Good luck with your Einhorn experiments.

(kmollyone234) #7

Jaque, you can use any one of those pans to make a fine loaf of bread. I just made a fine loaf of deli rye bread today in a smallish non stick metal pan. It came out super crispy crust despite common belief you can’t get nice crispy crust in a pan. If crust isn’t crispy enough to suit you when bread seems done, just take it out of pan and leave crisping up on oven rack til it suits you. I bake pan loafs using recipes like on this website at 400 degrees for 50 to 60mins. If you use a recipe for pan bread more like grandma made, you probably need to bake it at 350-375 because those recipes have less liquid in them than most of the recipes on this website. When people talk about “artisan style” bread on here, they are primarily meaning a bread dough that has quite a bit more water in it and is often baked in a covered pot of some kind or on a ceramic stone or flat cookie sheet type metal pan in the open and a higher temperature and for longer because of the greater water in the dough.

About your pans in photo— the ceramic pan looks like it might be a larger pan in volume so you will need to put more dough in it to get a nice tall loaf. And most glass or ceramic pans bake “hotter” than metal so you need to reduce oven temp about 25 degrees so your bread won’t burn on outside before it’s cooked inside. The other two pans look like either 8 1/2 x 4 1/2 x 2 1/2 inches or 9 x 5 x 3 inches. Just measure to find out which they are. Rule of thumb for which one to use: For recipe of 3 cups to 3 1/2 cups flour, use the smaller pan. For recipe of 4-5 cups use the 9 x 5 x 3” pan. Measure the ceramic pan and google how much dough to put in it. If it’s a lot larger the bigger metal pan size it might hold as much as a six or seven cup of flour recipe—most recipes for a single loaf of bread are in 3-4 cup size so if the pan is really big you might need to double all the ingredients of single loaf size recipe to fill it up and also bake it for longer time.

I love your hand crafted dough whisk—it’s a thing of genius. I have a store bought dough whisk which I used to use until I realized I could do just as good a job with no more cleanup by using just my hand to stir the dough which I’m pretty sure is how grandma mixed her dough. Any large wooden or metal cooking type spoon or even a big fork works fine too if you’re not happy using the dough whisk. Just be sure to use only cold water and run it a bit when you’re washing off dough because it will set up like plaster when it’s dry and even clog up your kitchen drain if you wash enough down it without running some cold water down too.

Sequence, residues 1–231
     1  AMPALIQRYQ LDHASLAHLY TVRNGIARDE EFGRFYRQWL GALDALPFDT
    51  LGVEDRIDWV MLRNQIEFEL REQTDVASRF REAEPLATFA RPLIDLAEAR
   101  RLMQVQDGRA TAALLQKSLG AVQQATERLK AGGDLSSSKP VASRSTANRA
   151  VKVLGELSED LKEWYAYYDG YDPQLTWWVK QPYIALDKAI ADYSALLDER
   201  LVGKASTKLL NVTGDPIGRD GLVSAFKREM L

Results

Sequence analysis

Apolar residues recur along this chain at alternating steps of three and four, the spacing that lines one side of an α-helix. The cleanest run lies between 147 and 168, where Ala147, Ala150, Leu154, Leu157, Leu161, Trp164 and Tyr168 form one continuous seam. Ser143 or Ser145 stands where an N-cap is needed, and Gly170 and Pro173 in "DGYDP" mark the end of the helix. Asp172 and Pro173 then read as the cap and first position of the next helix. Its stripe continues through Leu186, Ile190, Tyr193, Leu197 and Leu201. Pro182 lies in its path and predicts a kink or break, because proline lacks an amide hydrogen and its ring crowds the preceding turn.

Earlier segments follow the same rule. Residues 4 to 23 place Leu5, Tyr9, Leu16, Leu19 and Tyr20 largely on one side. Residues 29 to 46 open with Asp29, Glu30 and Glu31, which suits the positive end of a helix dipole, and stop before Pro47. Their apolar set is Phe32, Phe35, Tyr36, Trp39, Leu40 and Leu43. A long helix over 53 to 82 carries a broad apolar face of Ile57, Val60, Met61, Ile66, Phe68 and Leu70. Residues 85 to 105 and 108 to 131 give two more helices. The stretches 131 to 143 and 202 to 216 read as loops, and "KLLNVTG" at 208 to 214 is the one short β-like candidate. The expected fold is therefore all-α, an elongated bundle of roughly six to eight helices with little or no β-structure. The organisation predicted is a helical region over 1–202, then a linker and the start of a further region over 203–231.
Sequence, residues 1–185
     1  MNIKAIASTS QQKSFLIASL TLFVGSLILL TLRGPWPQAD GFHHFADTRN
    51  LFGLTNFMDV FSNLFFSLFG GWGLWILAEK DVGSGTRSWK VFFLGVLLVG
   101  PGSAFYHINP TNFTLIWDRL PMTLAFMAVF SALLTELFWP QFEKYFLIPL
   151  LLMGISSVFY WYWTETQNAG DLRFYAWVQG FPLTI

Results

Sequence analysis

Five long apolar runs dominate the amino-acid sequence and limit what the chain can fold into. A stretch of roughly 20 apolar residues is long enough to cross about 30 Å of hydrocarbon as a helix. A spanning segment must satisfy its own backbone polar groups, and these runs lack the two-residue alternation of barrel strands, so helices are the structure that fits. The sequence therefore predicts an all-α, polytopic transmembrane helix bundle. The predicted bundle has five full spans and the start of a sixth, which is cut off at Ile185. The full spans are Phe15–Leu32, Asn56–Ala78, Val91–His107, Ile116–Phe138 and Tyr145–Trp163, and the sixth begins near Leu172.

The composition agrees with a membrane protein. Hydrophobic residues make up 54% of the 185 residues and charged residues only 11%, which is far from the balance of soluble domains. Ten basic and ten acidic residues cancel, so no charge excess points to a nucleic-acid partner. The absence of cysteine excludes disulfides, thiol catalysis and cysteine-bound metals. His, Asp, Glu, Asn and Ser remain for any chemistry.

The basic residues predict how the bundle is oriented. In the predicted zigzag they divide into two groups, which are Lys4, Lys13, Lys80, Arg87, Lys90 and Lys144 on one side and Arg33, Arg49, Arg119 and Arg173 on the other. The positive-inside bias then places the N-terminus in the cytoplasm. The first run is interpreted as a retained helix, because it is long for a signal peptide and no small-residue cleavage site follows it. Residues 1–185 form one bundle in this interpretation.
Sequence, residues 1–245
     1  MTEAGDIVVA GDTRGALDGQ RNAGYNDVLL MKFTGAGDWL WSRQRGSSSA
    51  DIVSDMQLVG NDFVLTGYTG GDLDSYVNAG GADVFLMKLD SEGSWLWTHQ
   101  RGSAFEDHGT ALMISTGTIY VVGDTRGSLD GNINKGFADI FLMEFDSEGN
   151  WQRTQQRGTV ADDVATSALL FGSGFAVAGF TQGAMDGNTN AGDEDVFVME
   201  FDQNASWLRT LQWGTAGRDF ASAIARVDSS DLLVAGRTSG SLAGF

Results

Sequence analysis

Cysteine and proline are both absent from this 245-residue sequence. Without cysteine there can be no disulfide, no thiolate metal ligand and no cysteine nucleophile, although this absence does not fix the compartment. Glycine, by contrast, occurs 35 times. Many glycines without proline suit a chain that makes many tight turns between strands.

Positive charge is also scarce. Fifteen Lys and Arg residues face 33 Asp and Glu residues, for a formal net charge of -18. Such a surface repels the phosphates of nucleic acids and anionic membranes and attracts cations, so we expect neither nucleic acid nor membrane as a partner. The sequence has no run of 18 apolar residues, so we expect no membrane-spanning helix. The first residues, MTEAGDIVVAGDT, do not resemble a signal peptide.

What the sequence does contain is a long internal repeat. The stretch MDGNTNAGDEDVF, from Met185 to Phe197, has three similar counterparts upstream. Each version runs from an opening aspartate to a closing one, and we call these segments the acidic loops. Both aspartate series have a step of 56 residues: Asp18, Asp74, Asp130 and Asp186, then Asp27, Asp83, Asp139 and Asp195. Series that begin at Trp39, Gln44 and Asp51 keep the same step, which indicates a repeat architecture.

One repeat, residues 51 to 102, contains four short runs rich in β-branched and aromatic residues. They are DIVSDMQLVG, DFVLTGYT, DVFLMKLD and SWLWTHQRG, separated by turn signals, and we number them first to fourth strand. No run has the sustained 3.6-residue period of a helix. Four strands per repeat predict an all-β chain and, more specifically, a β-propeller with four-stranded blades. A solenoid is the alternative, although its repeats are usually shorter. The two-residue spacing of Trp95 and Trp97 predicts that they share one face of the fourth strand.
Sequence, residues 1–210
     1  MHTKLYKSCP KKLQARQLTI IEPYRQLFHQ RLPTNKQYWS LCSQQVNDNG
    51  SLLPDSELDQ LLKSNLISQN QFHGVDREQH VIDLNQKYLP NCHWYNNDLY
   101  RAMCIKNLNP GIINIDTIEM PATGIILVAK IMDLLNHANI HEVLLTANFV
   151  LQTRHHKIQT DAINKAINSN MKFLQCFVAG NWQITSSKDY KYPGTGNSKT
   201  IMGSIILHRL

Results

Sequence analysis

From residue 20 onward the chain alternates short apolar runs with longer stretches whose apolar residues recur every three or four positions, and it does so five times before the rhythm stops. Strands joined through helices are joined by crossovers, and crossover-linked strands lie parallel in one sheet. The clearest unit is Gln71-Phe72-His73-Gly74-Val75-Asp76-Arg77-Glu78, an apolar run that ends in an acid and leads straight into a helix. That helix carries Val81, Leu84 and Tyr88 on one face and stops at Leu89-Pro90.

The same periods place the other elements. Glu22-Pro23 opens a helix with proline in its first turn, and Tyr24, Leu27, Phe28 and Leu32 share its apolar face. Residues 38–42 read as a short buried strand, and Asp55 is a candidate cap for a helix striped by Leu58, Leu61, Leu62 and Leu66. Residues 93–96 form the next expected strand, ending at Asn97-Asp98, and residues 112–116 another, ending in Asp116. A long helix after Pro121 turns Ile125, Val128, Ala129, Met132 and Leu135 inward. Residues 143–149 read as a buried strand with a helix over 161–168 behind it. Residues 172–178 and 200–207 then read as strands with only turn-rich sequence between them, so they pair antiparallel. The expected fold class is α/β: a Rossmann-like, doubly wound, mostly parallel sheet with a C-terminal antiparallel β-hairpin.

I think you will have best luck with einkorn in a pan. Just let it have its final proof in the same pan you cook it in. In fact I forgot to preheat my oven today so I just stuck my pan of rye bread in the cold oven and turned it on to 400 and the loaf had great “oven spring” and rose up tall and beautiful as ever. So I’m not sure it even really matters all that much. Best of luck and enjoy your breadmaking🤗

ok so picture didn’t work. I’ll have to learn how!

(kmollyone234) #8

Well it worked after all. Who knew?

(Jaque Clarke) #9

Want to start a batch but keep procrastinating - don’t want to mess it up, as I have a habit of doing.
Dentist appt. today in the middle of things - maybe tomorrow.
Should start the dough tonight, but my meds kick in right after supper (kinda hard to cook dinner and bake at the same time) and I’m down for the count. My dough may have to wait for a day or so while I get act together.

Out of curiosity dug out a couple of our old iron Dutch ovens;
The big 10" (HEAVY!)!
is more bread than I need, but the smaller one (8" dia. by 5.5" deep) might make a nice boule’ (or whatever you call a big ball of bread). Do you grease the iron to keep the loaf from sticking or should the seasoning suffice?

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(Liz) #10

Those are gorgeous cast iron pots!!! The 8.5 is close to what I use for a boule (round). Yours looks well seasoned but hard to really tell in a photo. I use parchment paper … After I shape the round, I put it in a mixing bowl or a stretched out foil “bread pan” … many use a banneton but really, you just want something shaped close to the pot. For putting in whatever I’m using for the final proof (shaped rise), I use parchment paper between dough and proofing bowl. Then when I go to bake, I lift the dough via the parchment paper and set the whole thing in the preheated cast iron dutch oven.

The parchment routine makes dough transferring easy but not everyone does that, i.e. personal preference, etc., etc.

If your pot is well seasoned and maybe some cornmeal or ??? you can probably skip the parchment if you’d like.

My further 2 cents … make the “no knead sourdough” or the yeasted version if you are using yeast… on this site … in that 8 inch cast iron pot. White AP flour for the first round. I’m thinking you might be astounded!!

(Liz) #11

*** make your Einkorn in your bread pans with @Fermentada 's recipe when it gets posted. Melissa’s recipes are well tested!

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(Jaque Clarke) #12


Today was as good as any to try baking a loaf of bread, so I set to cleaning up the kitchen, gathering up ingredients, equipment, and recipies.
Decided to try the whole wheat sourdough I’d seen on a Breadtopia tutorial.

Put 2 cups of warm water in a 4 cup pitcher and plopped a gob of my nearly month old sourdough starter and about a tsp. of molasses into it.
Once that was stirred up, poured it into a 13 quart stainless steel bowl and started putting alternating half cups of whole wheat and sprouted whole grain white flour into it, stirring with my home made dough whisk.